TV pilot producers will get a free pass on permits while filming in the city of Los Angeles, after Mayor Eric Garcetti on Friday signed a measure to help stop the bleeding on runaway production in the region.
Producers, studio heads, network executives and Hollywood’s labor groups turned out at Raleigh Studios to show support for the ordinance that waives city fees for filming TV pilots in Los Angeles.
The City Council last week unanimously approved the measure, co-authored by Garcetti and Councilman Paul Krekorian in June, to the mayor for approval.
TV pilots are a key area of concern for local officials. The region’s share has dropped sharply, and roughly 52 percent 0f all pilots are shot there now. That’s down from 60 percent last season and well below the peak period of 2006, when 82 percent of all pilots were shot in the L.A. area.
A pilot that gets a pickup is more likely to continue shooting in the area, and that’s critical, too. Because they are usually hour-long, high-end and multiple-episodes, TV dramas are key to the overall health of local filming. They employ more people and bring more economic benefits than other types of productions.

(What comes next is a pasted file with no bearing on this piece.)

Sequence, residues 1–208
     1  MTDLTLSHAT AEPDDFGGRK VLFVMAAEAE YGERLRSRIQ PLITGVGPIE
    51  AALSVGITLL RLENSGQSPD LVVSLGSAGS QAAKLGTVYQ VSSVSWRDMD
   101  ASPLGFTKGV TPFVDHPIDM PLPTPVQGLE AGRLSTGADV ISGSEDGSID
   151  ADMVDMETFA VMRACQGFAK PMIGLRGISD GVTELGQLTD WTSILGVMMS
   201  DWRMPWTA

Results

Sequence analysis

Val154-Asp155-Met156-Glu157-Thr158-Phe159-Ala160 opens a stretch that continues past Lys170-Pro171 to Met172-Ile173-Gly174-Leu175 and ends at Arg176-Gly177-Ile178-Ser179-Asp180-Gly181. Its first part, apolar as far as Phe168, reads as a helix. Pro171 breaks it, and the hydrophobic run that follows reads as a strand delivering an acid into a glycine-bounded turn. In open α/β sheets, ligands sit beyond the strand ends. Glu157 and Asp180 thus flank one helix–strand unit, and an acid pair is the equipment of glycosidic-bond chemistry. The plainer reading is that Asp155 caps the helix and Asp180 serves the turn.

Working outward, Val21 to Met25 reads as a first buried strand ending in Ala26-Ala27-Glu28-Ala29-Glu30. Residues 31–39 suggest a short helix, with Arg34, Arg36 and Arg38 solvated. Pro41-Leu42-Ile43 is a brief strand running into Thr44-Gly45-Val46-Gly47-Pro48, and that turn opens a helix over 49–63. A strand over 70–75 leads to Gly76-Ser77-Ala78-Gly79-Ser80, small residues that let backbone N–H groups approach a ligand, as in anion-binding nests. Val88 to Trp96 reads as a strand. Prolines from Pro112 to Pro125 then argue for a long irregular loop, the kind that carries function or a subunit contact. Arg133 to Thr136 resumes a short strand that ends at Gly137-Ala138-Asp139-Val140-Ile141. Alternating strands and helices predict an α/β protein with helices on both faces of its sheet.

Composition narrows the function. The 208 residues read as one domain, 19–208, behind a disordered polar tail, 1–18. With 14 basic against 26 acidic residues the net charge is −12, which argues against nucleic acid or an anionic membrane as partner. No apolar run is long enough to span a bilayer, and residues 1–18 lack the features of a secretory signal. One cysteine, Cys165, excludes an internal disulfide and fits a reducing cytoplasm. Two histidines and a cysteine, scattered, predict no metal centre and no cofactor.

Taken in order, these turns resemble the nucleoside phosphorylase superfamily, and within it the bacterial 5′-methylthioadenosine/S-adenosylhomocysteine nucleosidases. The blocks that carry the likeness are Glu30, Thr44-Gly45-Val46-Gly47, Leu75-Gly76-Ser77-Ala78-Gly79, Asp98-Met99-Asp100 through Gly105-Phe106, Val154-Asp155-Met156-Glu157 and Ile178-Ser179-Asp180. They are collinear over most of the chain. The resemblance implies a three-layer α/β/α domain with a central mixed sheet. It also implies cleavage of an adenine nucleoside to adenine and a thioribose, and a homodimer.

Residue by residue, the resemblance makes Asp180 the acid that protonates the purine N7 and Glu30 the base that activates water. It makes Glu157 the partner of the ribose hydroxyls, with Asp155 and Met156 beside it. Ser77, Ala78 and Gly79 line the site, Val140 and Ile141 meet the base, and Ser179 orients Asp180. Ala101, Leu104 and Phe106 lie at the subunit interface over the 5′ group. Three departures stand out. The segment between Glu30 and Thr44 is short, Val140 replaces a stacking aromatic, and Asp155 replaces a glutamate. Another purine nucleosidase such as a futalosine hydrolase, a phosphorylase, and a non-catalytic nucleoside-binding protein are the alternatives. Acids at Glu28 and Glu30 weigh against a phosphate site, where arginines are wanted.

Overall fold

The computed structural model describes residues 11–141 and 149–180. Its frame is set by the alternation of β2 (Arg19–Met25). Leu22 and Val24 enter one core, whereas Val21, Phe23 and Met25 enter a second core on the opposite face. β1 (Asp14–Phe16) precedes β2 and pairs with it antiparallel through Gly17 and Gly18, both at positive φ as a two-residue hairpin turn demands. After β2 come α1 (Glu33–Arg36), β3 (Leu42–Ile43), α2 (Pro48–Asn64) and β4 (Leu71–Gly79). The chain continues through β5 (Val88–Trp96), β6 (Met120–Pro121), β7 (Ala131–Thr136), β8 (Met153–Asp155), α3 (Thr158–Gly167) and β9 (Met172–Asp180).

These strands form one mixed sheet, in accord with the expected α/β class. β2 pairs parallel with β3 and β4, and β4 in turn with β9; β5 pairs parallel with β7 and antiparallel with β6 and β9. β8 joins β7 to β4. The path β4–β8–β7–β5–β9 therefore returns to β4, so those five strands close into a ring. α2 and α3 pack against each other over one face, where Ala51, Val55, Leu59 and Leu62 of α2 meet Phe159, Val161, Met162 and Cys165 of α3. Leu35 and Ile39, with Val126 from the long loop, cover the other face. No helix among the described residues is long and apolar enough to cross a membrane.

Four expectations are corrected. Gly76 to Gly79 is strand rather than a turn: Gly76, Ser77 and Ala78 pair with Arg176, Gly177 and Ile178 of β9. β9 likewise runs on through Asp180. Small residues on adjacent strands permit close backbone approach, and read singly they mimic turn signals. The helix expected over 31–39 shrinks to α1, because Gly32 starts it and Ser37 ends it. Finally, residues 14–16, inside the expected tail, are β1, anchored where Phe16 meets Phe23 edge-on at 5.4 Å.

“When we support TV pilots being filmed here in Los Angeles, there’s a very good chance that when that series is picked up, the television series will be produced in Los Angeles as well,” Krekorian said. “Then you have millions and millions of dollars spent on those productions, which are spent right here in Los Angeles instead of in Vancouver or New York.
The ordinance is one of several steps Garcetti supports to give filmmakers more reason to shoot locally. He recently appointed Hollywood executive Tom Sherak as a “film czar” to make the city more film-friendly and lobby Sacramento to boost California’s film tax credit program.
Capped at $100 million per year, California’s Film and Television Tax Credit Program lags well behind other states and countries in terms of what it can offer financially. Proximity to Hollywood and a first-rate infrastructure of large vendors, crew and post-production facilities offset that to a degree, but the state has been steadily losing production work for years.